In a unanimous decision, the Permanent Court of Arbitration at The Hague on Friday ruled that India’s retrospective demand of Rs 22,100 crore as capital gains and withholding tax imposed on the UK telecommunication company for a 2007 deal was “in breach of the guarantee of fair and equitable treatment”.
The dispute had overshadowed Vodafone’s growth plans in India and soured attitudes toward foreign investment in the country for a long period of time. Vodafone has since merged its Indian business with rival Idea and written off the value of its operation in the country.
In 2007 the group acquired a majority stake in Hutchison Essar, India’s second-largest mobile phone network at the time, for £7.1bn using a Netherlands-based company to complete the deal. The acquisition represented the British company’s last big overseas foray as it looked to the fast-growing Indian economy to revive its growth strategy. But it was quickly drawn into the dispute over tax.
Despite winning its case in the Indian Supreme Court in 2012, the group continued to be pursued for retrospectively applied tax payments, with interest and penalties layered on top. The two parties agreed to international arbitration in 2017 to decide whether the UK company was liable.
The case was heard in The Hague but the seat of arbitration, which establishes the legal jurisdiction in which a dispute is judged and is where an award can be challenged, was Singapore.
“Vodafone confirms that the investment treaty tribunal found in Vodafone’s favour,” the group said. “This was a unanimous decision, including India’s appointed arbitrator Mr Rodrigo Oreamuno. The tribunal held that any attempt by India to enforce the tax demand would be a violation of India’s international law obligations.”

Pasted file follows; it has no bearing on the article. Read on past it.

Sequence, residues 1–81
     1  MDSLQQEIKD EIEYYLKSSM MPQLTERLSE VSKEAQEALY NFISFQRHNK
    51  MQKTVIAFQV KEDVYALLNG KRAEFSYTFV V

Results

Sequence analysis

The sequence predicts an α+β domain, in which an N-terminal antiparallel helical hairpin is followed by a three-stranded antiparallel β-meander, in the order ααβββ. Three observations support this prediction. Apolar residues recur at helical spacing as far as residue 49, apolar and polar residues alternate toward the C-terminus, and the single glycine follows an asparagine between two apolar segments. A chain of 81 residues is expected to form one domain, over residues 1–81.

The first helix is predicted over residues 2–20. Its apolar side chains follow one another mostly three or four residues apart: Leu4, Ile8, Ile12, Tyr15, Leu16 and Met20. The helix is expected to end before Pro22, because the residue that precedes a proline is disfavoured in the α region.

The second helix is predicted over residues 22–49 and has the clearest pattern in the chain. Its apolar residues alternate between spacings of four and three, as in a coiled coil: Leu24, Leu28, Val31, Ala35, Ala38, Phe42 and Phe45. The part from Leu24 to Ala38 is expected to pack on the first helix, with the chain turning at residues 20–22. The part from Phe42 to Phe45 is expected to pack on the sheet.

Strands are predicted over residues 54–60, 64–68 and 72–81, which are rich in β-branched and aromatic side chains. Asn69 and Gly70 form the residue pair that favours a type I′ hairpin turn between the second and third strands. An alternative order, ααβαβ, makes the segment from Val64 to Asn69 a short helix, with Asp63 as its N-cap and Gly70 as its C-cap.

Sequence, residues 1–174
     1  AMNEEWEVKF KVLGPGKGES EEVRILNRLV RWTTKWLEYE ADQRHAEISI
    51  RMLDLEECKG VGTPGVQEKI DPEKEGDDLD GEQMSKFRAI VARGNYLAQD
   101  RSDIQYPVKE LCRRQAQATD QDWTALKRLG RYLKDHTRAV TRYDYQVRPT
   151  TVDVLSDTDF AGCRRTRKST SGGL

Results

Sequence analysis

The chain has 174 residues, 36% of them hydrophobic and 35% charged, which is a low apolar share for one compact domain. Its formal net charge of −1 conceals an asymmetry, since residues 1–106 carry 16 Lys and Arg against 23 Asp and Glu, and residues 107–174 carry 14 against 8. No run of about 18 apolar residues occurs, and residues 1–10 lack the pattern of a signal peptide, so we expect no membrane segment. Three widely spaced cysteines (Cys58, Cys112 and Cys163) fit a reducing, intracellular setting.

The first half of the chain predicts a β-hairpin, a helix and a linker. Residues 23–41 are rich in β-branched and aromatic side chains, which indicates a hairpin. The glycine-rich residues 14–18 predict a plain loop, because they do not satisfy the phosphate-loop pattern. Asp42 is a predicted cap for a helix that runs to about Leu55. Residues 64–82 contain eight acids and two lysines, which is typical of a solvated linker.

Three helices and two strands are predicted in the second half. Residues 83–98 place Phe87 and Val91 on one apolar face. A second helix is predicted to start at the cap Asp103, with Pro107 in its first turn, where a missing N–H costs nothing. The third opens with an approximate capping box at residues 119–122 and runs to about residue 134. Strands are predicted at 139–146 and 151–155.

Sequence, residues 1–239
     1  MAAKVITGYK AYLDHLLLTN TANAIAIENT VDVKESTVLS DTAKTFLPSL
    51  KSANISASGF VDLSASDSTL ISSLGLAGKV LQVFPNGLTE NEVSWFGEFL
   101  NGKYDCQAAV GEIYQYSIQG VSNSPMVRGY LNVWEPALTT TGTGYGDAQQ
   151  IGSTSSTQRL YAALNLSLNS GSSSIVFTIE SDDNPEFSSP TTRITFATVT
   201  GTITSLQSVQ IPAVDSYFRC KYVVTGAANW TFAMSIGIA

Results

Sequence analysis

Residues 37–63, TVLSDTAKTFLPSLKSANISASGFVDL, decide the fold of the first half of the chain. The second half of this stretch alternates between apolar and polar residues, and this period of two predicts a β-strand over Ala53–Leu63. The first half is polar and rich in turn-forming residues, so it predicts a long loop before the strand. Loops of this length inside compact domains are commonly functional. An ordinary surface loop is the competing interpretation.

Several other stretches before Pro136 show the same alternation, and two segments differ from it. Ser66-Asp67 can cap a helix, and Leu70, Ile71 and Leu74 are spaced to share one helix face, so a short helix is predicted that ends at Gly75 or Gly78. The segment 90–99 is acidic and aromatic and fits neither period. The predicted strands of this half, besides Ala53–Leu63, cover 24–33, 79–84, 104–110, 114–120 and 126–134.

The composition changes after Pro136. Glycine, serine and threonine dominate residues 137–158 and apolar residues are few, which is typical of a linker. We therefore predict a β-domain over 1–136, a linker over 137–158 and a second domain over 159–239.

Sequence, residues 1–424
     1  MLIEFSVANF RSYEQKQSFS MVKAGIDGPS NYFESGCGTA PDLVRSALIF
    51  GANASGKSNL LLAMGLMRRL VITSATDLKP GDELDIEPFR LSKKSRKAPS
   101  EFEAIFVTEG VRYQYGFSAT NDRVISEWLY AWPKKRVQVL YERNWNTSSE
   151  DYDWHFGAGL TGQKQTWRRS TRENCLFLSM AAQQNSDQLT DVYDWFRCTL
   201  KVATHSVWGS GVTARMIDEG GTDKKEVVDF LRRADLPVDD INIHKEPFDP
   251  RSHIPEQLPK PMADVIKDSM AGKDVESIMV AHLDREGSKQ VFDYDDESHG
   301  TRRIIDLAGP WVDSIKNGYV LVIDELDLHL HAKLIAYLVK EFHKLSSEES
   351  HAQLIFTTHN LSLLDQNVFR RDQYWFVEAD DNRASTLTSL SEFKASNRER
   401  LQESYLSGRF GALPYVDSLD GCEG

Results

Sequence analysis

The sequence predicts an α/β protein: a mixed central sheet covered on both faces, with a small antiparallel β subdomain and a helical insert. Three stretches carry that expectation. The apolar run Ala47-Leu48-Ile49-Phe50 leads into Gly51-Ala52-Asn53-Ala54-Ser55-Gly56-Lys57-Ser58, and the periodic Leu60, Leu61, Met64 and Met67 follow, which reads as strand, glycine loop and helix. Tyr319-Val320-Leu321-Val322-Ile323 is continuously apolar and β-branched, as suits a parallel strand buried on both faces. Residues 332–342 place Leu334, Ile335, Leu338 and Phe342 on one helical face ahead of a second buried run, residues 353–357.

Shares in Vodafone Group, which has pledged not to invest more equity into India, were down 0.7 per cent in lunchtime trading on Friday but shares in Vodafone Idea, its listed Indian mobile network, rose 12 per cent.
The court ruled that Vodafone was entitled to fair and equitable treatment due to a bilateral protection treaty between the Netherlands and India. Demands for payments, including interest and penalties, were in breach of that guarantee according to the court. Indian authorities could opt to challenge the ruling, or amend the law that allowed retrospective payments dating back until the 1960s to be sought.
“The government has a massive majority [so] they can do it if they want. It will really help in boosting investor sentiment,” said Anuradha Dutt, one of the lead lawyers from DMD Advocates in New Delhi, which represented Vodafone along with Skadden.
India’s finance ministry said:
“The government will be studying the award and all its aspects carefully in consultation with our counsels. After such consultations, the government will consider all options and take a decision on further course of action including legal remedies before appropriate fora.”